: Lightpath Technologies Inc.
Orlando tech company acquires New York-based company that focuses on infrared optics.
Stock for Orlando-based Lightpath Technologies Inc. rose on Monday after the company announced it was buying New York-based ISP Optics Corporation for $18 million.
Lightpath (NASDAQ: LPTH) makes optical instruments and lenses for use in medical, firefighting, communications, defense and space industries, among other things.
Products include laser levels and barcode scanners.
At one point the stock was trading up by 10 percent Monday morning; the stock ended Monday up 3.2 percent at $1.91. Over the past 12 months, Lightpath has traded between $1.30 and $3.79.
As part of the deal, $12 million will be payable in cash with the balance in the form of a note issued to the sellers.
ISP, which has manufacturing in Latvia, specializes in infrared optical components. Lightpath has operations in China.
LightPath plans to finance the cash portion of the purchase price through a combination of the offering and issuance of LightPath's common stock and debt financing.
The acquisition will make Lightpath a bigger presence in optics, a field where Orlando has established a niche due partly to University of Central Florida's photonics program.
The region is also getting a boost in optics and photonics from the arrival of the Florida Advanced Manufacturing Research Center, which is under construction near Kissimmee.
At the center, research will be done on emerging photonics technology, particularly on sensors.
With ISP, LightPath broadens its global customer base in Europe -- "significantly" according to a news release.
Lightpath is based near UCF, at 2603 Challenger Technology Court, also by the Central Florida Research Park.
See press release
of St. Petersburg, a supplier of wafer process solutions for specialty semiconductor and nanotechnology markets,
has signed a global agreement with DISCO corp., the world's largest dicing equipment provider, to distribute and service Plasma-Therm’s
Singulator® plasma-dicing systems. “DISCO is keenly aware that plasma dicing is a key enabling technology for advanced packaging, and now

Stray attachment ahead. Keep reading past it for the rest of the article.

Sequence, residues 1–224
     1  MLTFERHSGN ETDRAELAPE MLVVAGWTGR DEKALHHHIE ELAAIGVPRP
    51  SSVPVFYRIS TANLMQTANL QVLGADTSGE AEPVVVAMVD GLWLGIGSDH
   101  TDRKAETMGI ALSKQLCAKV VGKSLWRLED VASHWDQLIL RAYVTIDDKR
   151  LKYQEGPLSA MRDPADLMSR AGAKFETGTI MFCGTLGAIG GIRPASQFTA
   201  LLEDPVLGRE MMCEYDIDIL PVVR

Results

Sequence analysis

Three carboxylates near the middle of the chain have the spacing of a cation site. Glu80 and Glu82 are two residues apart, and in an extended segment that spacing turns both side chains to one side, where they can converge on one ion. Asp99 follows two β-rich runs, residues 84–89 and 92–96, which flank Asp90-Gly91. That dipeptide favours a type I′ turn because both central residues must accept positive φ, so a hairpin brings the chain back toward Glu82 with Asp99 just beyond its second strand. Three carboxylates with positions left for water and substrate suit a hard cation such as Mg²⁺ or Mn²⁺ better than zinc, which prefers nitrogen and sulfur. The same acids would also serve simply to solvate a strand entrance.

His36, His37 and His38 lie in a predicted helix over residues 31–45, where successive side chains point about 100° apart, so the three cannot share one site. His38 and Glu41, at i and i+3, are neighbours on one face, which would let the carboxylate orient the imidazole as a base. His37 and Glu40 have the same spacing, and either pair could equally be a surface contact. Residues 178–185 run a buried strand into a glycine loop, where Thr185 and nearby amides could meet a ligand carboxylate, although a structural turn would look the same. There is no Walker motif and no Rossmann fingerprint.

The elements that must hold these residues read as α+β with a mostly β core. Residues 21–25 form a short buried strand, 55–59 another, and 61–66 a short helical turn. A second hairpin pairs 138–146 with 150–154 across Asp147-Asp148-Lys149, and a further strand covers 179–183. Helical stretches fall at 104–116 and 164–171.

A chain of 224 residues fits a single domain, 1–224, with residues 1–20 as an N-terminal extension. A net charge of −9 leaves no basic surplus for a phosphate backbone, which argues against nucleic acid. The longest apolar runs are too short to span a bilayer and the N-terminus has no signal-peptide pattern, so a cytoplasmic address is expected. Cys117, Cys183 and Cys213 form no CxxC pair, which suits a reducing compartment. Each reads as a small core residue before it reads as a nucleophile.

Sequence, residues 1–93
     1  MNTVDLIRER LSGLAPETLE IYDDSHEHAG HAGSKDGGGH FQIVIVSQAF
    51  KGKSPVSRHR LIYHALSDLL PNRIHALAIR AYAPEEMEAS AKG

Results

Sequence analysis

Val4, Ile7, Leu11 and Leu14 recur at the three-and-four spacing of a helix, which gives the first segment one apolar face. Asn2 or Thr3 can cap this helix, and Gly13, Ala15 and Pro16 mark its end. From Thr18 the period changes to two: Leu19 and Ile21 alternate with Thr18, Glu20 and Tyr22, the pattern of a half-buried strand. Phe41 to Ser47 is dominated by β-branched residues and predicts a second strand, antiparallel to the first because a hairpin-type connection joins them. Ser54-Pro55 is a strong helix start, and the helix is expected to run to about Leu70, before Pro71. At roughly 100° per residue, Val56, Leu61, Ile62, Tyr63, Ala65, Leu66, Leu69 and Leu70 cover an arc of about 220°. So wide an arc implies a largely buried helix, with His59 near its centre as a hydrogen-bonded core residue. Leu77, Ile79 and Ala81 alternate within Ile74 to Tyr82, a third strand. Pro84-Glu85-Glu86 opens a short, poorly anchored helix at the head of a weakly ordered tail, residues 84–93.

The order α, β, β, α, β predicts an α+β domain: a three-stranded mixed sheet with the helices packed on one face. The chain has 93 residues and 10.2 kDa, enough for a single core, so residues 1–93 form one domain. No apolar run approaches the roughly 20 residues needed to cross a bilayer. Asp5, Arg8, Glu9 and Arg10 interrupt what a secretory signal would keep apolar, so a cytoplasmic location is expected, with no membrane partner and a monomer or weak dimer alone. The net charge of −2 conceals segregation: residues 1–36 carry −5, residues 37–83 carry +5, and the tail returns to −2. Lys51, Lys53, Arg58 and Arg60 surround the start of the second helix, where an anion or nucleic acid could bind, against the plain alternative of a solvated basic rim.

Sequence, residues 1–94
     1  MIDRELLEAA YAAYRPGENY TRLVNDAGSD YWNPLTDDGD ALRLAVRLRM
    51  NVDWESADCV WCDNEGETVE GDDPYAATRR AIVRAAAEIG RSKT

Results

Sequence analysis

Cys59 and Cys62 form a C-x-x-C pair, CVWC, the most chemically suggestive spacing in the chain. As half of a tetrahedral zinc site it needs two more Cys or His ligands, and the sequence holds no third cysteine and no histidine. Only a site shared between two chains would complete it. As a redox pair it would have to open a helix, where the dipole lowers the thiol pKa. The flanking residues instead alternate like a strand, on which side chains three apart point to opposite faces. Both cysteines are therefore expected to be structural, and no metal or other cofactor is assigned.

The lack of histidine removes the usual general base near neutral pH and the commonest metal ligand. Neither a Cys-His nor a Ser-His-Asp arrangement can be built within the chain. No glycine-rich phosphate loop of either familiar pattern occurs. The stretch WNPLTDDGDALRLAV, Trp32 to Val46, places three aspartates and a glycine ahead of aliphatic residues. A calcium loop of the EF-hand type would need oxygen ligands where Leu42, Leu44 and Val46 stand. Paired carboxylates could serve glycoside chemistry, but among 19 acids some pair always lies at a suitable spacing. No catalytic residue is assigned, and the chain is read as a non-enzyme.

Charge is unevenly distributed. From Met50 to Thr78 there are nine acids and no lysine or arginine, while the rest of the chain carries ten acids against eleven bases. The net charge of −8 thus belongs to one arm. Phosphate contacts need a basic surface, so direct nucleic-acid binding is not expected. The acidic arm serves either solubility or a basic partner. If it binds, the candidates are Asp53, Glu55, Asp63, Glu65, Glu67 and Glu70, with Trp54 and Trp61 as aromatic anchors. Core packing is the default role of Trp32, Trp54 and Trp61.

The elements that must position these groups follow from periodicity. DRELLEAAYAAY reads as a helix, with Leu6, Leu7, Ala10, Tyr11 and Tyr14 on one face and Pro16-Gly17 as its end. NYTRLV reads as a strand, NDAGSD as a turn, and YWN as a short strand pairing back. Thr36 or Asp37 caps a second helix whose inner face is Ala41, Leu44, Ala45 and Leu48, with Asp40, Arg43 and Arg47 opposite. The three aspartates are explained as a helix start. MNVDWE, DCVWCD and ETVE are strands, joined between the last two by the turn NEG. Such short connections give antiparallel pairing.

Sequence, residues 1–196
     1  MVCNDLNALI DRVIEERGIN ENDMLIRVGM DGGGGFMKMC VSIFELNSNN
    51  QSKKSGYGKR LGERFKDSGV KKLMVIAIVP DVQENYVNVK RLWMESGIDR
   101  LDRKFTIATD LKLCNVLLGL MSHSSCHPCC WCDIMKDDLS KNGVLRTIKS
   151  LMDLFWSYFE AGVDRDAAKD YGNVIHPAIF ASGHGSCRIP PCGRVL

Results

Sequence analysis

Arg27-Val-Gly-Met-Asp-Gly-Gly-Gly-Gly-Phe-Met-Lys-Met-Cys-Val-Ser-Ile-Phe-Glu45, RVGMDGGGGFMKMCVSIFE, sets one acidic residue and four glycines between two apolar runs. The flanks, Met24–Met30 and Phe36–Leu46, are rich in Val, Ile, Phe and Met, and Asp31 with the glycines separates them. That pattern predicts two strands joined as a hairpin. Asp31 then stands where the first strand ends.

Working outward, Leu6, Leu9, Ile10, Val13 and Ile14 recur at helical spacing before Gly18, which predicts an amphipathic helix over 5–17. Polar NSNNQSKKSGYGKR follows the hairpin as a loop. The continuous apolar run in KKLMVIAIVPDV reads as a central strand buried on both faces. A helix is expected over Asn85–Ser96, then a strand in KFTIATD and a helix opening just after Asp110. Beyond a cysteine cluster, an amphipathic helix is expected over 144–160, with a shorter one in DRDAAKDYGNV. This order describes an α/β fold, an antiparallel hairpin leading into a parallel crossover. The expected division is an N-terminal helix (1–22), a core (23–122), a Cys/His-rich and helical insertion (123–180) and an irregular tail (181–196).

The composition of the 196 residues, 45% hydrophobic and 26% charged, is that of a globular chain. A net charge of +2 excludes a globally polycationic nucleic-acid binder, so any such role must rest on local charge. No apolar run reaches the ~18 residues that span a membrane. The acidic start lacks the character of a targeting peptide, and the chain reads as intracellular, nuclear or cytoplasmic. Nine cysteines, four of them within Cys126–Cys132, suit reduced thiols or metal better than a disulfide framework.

we can provide complete Kiru, Kezuru, Migaku (dicing, grinding, polishing) solutions to customers,” said DISCO executive Noboru Yoshinaga.
“After a careful evaluation, DISCO determined that PlasmaTherm's technology is the solution of choice, due to its cost of ownership and performance,” he said.
Plasma-Therm has been granted multiple patents for its plasma-dicing-on-tape inventions. Customers in Europe, Asia, and the United States using Singulator®
systems in production have reported up to 30 percent higher die yield per wafer. Plasma-Therm also recently acquired Nano Etch Systems Inc. of California,
whose Pinnacle™ IBE and IBD systems deliver best-in-class etch and deposition performance. In addition to complete systems, NES also produces source and
grid upgrades to cost effectively improve performance of other manufacturers’ ion-beam systems.
IRradiance Glass, Inc.
(IRG) is a manufacturing, research and product development company, specifically focused on the compositional
design and hot forming of chalcogenide glasses. IRG manufactures chalcogenide glasses for applications in infrared optical components
and optical systems. IRG specializes in compositional design and process development for novel infrared glass and glass ceramic materials.
: Plasmonics is the first in house incubator client to become an affiliate.
was presented the industrial affiliates plaque by Dr. Saleh.
Plasmonics, Inc. is focused on the development of next-generation infrared sensors and metamaterial surfaces.
In addition to new product line growth, they offer a range of custom built IR and THz filters and broadband